Many of you tell me that you are in similar situations with your own transition to freelance travel writing. Your prior experience is in an area so divergent (science or technical writing, law, engineering and the like come up often) from mainstream journalism that you feel as if you’re coming from another language, even if it is English.
A little while back, someone wrote me a question for the Monday Mailbag series that I wasn’t quite sure how to answer: what are some great examples of company content marketing writing (particularly blogs) and magazine articles?
Hard to answer, not because I haven’t seen them, but because there are so many!
We’ve been talking in the past few weeks about how the best-paid travel writing gigs are typically not advertised, but you can find them or create them for yourself with some very easy online research.
But my absolute favorite–in terms of the type of writing as well as the pay–type of blogging for travel businesses is hiding in a completely different way. It’s not just that it’s not advertised. You
It’s not just that it’s not advertised. You shouldn’t even be able to tell that freelancers are writing these blog posts at all.
We all write online, right?
We write social media posts. We write blog posts. We write for other people’s websites (whether for pay or as a guest post).
On our blogs, voice matters. The “product” you’re selling (whether to advertisers, those providing free trips, or other types of sponsors) is often eye balls. And your voice and other unique aspects of your style are what distinguishes you in that race for eyeballs.
On travel company websites, the product is what they’re selling. It’s laid out there in black and white. Tours, safaris, hotel rooms, you name it.
With tourism boards, they’re selling a destination, its hotel rooms, its restaurants and its experiences.
The words are not the product.
There are a lot of changes coming to our at-home programs–the versions of our live events, like Pitchapalooza, that take place over several weeks that you do from home rather than our location in the Catskills.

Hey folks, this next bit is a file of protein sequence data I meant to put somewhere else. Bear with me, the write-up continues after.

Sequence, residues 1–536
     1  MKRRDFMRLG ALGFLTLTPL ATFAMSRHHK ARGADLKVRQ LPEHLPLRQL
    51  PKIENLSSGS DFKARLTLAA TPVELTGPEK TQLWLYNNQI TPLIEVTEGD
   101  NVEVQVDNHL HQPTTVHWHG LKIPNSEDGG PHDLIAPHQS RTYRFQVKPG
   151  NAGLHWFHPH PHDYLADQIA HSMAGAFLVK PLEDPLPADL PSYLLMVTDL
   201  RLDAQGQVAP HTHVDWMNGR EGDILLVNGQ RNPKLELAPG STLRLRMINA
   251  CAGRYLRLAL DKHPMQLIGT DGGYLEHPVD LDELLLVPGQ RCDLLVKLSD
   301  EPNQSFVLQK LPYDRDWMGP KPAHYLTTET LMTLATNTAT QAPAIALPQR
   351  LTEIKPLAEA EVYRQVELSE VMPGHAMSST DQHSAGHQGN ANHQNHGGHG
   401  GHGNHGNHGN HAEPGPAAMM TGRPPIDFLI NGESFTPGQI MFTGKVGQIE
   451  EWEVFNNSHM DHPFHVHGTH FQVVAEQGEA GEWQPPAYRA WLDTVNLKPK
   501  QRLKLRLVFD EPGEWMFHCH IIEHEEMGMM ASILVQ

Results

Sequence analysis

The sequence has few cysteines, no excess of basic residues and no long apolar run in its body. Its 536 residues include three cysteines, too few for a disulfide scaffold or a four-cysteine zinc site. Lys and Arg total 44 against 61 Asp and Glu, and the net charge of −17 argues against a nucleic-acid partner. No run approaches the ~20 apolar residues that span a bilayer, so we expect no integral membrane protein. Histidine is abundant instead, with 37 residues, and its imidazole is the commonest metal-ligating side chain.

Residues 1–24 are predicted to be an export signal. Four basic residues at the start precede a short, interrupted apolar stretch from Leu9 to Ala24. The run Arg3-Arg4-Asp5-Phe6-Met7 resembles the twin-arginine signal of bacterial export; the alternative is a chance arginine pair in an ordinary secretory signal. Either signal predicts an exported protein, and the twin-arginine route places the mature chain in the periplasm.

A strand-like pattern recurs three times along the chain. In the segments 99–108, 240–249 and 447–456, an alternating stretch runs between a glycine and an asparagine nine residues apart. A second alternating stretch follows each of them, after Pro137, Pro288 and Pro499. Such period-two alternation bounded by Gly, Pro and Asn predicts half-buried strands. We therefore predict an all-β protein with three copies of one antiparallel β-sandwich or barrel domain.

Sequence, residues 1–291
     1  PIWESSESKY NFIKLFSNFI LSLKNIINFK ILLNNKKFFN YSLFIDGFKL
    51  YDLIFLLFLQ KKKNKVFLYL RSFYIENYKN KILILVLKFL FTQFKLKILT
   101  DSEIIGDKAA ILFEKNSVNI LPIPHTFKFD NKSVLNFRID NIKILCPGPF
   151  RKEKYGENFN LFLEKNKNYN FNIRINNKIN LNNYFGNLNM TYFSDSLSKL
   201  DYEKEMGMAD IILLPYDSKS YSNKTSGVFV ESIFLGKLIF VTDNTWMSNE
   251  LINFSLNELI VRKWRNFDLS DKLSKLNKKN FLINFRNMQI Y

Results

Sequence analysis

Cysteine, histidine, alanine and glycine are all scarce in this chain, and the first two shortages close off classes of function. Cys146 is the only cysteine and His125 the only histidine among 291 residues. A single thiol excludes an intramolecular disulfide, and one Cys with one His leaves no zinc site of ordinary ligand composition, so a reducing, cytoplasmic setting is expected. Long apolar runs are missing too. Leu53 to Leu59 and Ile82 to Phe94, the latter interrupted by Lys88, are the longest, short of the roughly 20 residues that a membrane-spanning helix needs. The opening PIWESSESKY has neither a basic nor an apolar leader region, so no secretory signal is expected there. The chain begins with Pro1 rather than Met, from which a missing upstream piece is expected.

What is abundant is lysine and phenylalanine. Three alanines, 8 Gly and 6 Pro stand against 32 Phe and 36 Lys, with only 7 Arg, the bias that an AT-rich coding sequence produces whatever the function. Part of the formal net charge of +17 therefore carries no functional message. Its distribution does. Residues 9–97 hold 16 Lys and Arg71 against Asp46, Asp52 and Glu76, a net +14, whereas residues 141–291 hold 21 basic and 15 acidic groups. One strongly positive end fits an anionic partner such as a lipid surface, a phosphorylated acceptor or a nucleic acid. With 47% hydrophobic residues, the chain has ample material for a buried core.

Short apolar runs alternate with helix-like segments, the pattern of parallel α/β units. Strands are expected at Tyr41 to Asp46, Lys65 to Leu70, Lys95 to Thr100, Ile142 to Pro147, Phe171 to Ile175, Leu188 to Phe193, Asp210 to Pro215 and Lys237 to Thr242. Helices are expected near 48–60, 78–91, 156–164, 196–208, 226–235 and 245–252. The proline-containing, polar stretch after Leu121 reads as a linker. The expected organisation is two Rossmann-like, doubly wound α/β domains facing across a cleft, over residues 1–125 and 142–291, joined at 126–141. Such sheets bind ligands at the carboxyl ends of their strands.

- major changes coming to ensure participants participate and finish their programs
- moving to a university-like model in many ways–your lessons and homework are when they are, and they’re due when they’re do–to move further away from the issues with online courses that people never finish
- new TravelContentCon and IdeaFest programs on the horizon
- IdeaFest (live or at-home) will now be a prerequisite Pitchapalooza (live or at-home)
- groups will be smaller and prices for some programs will change, but there will be much more personal attention as a result (in some cases more similar to a limited-term intensive coaching program, like at the retreats) and it will allow me to even run programs with just three people at a time if that’s who we have at that time (see–extra personal attention!)
- participation in group discussions (on a discussion platform for pitch- and idea-related programs or in group calls for TravelContentCon) will be a core component as it is essential to success–MFA programs are based on group critique sessions for a reason Read More
In the first webinar in our series on conducting interviews that take your stories to the next level, I talked about the very first interview that I ever did for my first blog with the editor of mega food website Epicurious.
At the time, to prepare for the interview, I read articles on tons of general journalism websites about how to prepare interview questions, and I dutifully wrote, re-wrote, re-worded, scraped, re-wrote, and re-worded all of my questions until I was sure I had the perfect set.
But when I was doing the actual interview, it lacked energy, connection, and opportunities to get great quotes because I was so focused on my prepared questions.